Friday, February 11, 2005

The Lesson of Easongate: The Rules Have Changed

It probably began with Trent Lott; it picked up steam with Rathergate; now the Eason Jordan saga has moved it beyond the realm of the disputable. "It" is the power of blogs to influence events on a national and international scale. The idea that blogs can force a new level of accountability on those previously considered 'untouchable' is not new; many have commented eloquently and at length. I find Easongate unique in one revolutionary respect: this time, the MSM never even got off the sidelines.

When Dan Rather's document hoax broke, as in the Trent Lott remarks, the event did stay in the blogosphere for a time, but it was only when the public and media at large grew aware that action was taken. With Easongate, only the faintest of ripples had hit the mainstream; a handful of stories, yes, but certainly no national awareness to speak of outside of the blogging and media communities. CNN still doesn't have the story on their front page as I write this, nor does MSNBC. The New York Times does, in a sidebar; but what did you hear from the Times prior to today?

No, this one is different. This time it was the bloggers, and the bloggers alone, that pushed this man out. That will be heady stuff for some; it will scare the pants off of others...but what does it mean, really? Have we entered an era where our lives can be destroyed by a pack of wolves hacking at their keyboards with no oversight, no editors, and no accountability? Or does it mean that we've entered a brave new world where the MSM has become irrelevant?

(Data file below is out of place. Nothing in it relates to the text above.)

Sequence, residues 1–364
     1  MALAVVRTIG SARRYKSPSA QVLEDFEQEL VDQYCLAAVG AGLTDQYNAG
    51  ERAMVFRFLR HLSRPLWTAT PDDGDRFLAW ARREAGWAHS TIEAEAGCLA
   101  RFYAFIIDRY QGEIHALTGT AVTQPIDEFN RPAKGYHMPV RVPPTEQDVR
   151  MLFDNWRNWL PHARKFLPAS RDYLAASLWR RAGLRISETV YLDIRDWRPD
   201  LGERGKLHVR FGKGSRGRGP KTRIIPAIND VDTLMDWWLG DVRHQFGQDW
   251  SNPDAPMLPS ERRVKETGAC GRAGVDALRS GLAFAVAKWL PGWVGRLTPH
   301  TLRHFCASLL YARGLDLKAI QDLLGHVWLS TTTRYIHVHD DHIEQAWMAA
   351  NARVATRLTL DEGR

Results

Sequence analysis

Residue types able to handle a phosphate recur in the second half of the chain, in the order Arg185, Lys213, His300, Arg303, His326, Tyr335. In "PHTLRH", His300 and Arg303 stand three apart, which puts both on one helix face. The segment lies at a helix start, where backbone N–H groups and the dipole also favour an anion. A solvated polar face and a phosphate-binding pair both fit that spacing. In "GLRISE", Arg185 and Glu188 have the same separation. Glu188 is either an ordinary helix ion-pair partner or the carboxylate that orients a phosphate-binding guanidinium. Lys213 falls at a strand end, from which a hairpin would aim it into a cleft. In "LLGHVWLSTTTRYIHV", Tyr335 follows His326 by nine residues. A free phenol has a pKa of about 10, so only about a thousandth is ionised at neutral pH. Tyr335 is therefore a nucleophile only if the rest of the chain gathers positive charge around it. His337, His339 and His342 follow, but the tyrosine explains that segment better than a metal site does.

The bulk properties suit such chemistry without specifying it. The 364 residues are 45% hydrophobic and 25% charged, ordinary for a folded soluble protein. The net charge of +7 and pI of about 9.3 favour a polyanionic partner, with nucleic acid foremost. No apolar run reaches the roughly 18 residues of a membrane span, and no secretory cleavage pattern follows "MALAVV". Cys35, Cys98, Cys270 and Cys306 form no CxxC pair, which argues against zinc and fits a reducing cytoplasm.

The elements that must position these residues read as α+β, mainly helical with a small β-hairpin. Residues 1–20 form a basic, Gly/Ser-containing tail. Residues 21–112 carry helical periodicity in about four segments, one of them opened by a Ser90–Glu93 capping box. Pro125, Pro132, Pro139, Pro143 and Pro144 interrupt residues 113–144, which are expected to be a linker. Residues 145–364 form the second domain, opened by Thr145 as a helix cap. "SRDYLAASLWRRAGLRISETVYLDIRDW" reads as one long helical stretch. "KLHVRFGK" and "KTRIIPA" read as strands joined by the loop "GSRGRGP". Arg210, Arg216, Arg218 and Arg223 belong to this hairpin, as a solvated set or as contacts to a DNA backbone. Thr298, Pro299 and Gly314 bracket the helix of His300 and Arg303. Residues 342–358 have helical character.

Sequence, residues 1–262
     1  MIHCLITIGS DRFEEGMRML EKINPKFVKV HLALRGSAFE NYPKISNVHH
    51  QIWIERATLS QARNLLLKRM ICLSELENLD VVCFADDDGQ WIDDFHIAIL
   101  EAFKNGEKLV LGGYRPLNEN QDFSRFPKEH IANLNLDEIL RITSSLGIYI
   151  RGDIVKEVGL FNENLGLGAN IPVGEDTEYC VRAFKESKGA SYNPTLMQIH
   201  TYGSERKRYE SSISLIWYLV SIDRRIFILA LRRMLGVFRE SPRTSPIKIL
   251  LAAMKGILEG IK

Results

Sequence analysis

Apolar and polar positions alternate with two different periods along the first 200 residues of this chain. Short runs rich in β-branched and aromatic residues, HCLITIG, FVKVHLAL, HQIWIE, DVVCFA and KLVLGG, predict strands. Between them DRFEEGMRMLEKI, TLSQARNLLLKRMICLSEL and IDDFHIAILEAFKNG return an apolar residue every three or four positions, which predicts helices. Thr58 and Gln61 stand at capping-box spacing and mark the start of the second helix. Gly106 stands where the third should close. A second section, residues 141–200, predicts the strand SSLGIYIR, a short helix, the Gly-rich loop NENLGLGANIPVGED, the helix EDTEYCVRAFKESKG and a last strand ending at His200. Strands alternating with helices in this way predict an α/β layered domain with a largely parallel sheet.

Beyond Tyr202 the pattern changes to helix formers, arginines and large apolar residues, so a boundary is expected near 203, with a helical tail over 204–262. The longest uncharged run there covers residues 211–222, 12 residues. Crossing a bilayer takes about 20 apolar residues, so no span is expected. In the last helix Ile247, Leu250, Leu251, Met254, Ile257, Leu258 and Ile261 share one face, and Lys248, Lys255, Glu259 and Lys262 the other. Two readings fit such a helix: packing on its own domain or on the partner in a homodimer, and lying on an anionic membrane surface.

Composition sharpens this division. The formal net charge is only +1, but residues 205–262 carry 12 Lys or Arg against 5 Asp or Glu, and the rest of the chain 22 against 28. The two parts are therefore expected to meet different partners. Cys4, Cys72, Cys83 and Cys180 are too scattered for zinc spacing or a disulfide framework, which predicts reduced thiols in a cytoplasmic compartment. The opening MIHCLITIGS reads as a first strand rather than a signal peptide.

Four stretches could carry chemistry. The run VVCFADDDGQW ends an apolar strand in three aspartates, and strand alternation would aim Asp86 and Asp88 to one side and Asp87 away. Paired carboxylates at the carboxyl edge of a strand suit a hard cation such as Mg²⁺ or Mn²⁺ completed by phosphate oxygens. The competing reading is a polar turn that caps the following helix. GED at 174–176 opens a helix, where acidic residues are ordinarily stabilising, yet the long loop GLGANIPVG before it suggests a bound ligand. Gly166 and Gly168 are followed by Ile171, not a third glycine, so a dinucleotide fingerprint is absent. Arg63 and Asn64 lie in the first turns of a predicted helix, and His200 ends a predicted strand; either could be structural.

I would argue that neither of those extremes is the case. What has been shown, though, is that the mass media, mainstream media, MSM, whatever you want to call it, is being held to account as never before by the strong force of individual citizens who won't settle for sloppy research and inflammatory comments without foundation, particularly from those with a wide national reach, such as Rather and Eason. If you are going to slander our troops or our president, you better have the goods...and I don't think that will just apply to liberal voices. Eason Jordan says he is quitting to avoid being 'unfairly tarnished' by the controversy, but it was precisely because he himself unfairly tarnished our fighting men and women, in a very public setting, that he no longer counts himself among the employed.

I don't think we need to wring our hands over this, nor celebrate too loudly, though on the whole, it is a good, democratic development. Nor do I believe that the same results would take place if the controversy doesn't have merit; after all, the 'progressive' side of the blogosphere would have you believe that George Bush is a cocaine-snorting fascist who has stolen two elections, but because the public at large (i.e., 'Jesusland') knows these accusations are without merit, you haven't seen the snowball effect that Rathergate and Easongate displayed. Much will be said and written on these topics over the next few days; for now, it will suffice to say that this is a significant day in the short history of blogs.

UPDATE 10:59 pm central: Very much to my delight, some blogging heavyweights have been gracious enough to link to this post - so a big thank you to Michelle Malkin, Ed Driscoll, Jim Geraghty, and Jeff Jarvis, and a big welcome to any new readers, as well. I hope you'll sit back, relax, and stay awhile. Have a great weekend, everyone!

UPDATE 2 02/12/05 11:02 am central: Wow, now Lorie Byrd at PoliPundit has been kind enough to reference this post, as well; many thanks! To any and all newcomers, browse around, leave some comments, whatever floats your boat - good to have you here. Hope you're having an agreeable Saturday.

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